Clinical Study

BJC Open article

British Journal of Cancer (2008) 98, 1934–1943. doi:10.1038/sj.bjc.6604396
Published online 27 May 2008

Are one or two simple questions sufficient to detect depression in cancer and palliative care? A Bayesian meta-analysis

A J Mitchell1,2

  1. 1Department of Cancer & Molecular Medicine, Leicester Royal Infirmary, Leicester LE1 5WW, UK
  2. 2Leicester General Hospital, Leicester LE5 4PW, UK

Correspondence: Dr AJ Mitchell, Department of Cancer & Molecular Medicine, Leicester Royal Infirmary, Leicester LE1 5WW, UK. E-mail:

Received 4 March 2008; Accepted 31 March 2008
Advance online publication 27 May 2008



The purpose of this study is to examine the value of one or two simple verbal questions in the detection of depression in cancer settings. This study is a systematic literature search of abstract and full text databases to January 2008. Key authors were contacted for unpublished studies. Seventeen analyses were found. Of these, 13 were conducted in late stage palliative settings. (1) Single depression question: across nine studies, the prevalence of depression was 16%. A single ‘depression’ question enabled the detection of depression in 160 out of 223 true cases, a sensitivity of 72%, and correctly reassured 964 out of 1166 non-depressed cancer sufferers, a specificity of 83%. The positive predictive value (PPV) was 44% and the negative predictive value (NPV) 94%. (2) Single interest question: there were only three studies examining the ‘loss-of-interest’ question, with a combined prevalence of 14%. This question allowed the detection of 60 out of 72 cases (sensitivity 83%) and excluded 394 from 459 non-depressed cases (specificity of 86%). The PPV was 48% and the NPV 97%. (3) Two questions (low mood and low interest): five studies examined two questions with a combined prevalence of 17%. The two-question combination facilitated a diagnosis of depression in 138 of 151 true cases (sensitivity 91%) and gave correct reassurance to 645 of 749 non-cases (specificity 86%). The PPV was 57% and the NPV 98%. Simple verbal methods perform well at excluding depression in the non-depressed but perform poorly at confirming depression. The ‘two question’ method is significantly more accurate than either single question but clinicians should not rely on these simple questions alone and should be prepared to assess the patient more thoroughly.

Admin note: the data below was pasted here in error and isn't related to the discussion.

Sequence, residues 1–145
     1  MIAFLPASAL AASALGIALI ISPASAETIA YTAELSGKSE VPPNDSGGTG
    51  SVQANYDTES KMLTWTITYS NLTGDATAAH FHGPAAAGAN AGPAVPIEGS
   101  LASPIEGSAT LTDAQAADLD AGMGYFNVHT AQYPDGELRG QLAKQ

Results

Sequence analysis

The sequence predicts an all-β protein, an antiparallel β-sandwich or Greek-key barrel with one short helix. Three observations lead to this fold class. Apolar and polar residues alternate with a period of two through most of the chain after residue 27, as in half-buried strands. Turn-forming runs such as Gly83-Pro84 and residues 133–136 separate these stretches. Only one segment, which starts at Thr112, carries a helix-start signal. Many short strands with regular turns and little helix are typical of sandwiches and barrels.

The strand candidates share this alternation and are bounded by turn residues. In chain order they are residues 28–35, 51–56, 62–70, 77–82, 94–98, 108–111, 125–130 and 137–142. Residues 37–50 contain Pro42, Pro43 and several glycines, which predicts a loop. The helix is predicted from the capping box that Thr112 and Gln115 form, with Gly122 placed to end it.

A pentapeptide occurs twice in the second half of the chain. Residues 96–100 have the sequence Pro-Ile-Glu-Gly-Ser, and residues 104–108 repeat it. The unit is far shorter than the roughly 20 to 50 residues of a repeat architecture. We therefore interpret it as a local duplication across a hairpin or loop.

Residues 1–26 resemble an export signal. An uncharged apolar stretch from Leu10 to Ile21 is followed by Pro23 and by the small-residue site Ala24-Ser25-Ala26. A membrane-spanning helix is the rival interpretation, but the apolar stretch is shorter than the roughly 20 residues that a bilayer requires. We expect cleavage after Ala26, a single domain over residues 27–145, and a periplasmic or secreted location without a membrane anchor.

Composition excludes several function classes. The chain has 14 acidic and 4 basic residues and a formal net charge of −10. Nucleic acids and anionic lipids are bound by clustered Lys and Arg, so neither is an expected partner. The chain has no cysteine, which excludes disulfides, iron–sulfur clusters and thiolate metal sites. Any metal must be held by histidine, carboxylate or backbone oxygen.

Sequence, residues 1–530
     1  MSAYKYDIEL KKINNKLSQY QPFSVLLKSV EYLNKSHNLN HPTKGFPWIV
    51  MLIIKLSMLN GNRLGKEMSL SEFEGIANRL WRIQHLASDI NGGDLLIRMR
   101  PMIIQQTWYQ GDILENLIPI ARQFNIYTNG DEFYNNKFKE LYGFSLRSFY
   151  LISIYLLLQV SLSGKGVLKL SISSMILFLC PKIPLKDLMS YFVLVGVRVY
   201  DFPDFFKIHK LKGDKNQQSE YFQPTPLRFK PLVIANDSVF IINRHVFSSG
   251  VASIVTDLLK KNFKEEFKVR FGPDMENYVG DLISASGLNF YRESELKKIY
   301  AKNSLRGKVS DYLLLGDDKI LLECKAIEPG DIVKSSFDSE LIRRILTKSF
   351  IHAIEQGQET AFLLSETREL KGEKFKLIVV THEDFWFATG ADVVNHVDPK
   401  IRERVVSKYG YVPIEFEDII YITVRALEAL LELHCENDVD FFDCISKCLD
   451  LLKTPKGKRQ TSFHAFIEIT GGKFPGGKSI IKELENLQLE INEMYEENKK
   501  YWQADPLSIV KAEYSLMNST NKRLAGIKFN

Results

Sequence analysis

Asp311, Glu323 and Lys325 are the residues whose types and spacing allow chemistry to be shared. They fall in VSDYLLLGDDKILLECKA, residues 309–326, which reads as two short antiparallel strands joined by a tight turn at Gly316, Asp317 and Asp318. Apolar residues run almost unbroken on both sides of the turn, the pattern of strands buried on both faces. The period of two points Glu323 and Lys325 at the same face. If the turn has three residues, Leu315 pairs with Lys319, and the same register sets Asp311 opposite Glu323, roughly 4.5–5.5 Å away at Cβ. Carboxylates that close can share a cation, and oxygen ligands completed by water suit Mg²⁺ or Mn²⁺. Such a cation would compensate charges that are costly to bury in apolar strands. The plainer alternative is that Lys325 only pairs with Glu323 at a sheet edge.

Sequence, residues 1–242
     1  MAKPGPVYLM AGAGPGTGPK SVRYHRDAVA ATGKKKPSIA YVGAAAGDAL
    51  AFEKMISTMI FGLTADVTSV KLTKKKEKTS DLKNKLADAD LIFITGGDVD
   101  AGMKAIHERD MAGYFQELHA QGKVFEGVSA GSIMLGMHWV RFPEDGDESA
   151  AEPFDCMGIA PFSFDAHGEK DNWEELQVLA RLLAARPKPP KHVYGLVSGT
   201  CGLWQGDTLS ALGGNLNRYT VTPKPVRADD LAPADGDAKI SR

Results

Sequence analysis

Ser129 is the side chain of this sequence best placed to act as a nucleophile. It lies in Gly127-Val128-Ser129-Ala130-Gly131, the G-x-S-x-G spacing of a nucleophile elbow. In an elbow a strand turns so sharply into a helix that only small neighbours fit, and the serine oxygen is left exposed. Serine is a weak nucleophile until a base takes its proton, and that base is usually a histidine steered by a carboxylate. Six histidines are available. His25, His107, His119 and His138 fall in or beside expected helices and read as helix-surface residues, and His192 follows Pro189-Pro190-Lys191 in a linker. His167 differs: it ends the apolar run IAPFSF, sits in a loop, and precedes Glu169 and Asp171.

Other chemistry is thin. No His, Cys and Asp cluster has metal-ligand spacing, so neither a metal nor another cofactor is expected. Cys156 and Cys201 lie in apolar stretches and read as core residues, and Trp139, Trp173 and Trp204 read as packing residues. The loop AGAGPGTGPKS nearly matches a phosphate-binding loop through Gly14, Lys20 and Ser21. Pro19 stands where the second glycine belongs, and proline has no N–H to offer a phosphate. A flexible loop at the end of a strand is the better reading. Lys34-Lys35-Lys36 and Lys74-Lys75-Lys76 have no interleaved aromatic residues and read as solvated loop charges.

depression; diagnostic validity; meta-analysis; sensitivity